Scheme as a virtual machine?

Ertugrul Söylemez es at ertes.de
Thu Oct 14 02:01:36 CEST 2010


namekuseijin <namekuseijin at gmail.com> wrote:

> Take haskell and its so friggin' huge and complex that its got its
> very own scary monolithic gcc.  When you think of it, Scheme is the
> one true high-level language with many quality perfomant backends --
> CL has a few scary compilers for native code, but not one to java,
> .NET or javascript that I know of...

What exactly is "friggin' huge" and "complex" about Haskell, and what's
this stuff about a "very own monolithic gcc"?  Haskell isn't a lot more
complex than Scheme.  In fact, Python is much more complex.  Reduced to
bare metal (i.e. leaving out syntactic sugar) Haskell is one of the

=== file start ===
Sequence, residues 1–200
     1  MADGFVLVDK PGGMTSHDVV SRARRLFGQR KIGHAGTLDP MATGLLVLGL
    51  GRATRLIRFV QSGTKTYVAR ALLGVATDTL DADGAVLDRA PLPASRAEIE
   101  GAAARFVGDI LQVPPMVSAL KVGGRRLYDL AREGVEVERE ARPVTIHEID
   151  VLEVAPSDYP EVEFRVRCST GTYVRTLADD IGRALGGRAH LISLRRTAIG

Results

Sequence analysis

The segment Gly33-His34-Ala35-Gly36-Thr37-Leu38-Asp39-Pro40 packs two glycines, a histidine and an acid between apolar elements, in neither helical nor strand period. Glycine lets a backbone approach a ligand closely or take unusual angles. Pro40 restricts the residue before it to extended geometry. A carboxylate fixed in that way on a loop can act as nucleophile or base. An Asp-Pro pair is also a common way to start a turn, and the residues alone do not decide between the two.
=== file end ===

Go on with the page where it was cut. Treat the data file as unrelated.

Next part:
simplest languages.  Since recent versions of GHC produced code is also
very small.

The only downside of Haskell is that the popular VMs like JVM and .NET
are not supported.  But that's also because their type systems are very
incompatible.  Haskell can express types, which they can't express.  The
only thing I could imagine to bring the worlds together is another
foreign function interface, a JFFI and a VESFFI.

In my opinion Scheme is not the "one true high-level language".  For me
personally Haskell gets much closer to this.  For others it's probably
Common Lisp or something else.


Greets,
Ertugrul


-- 
nightmare = unsafePerformIO (getWrongWife >>= sex)
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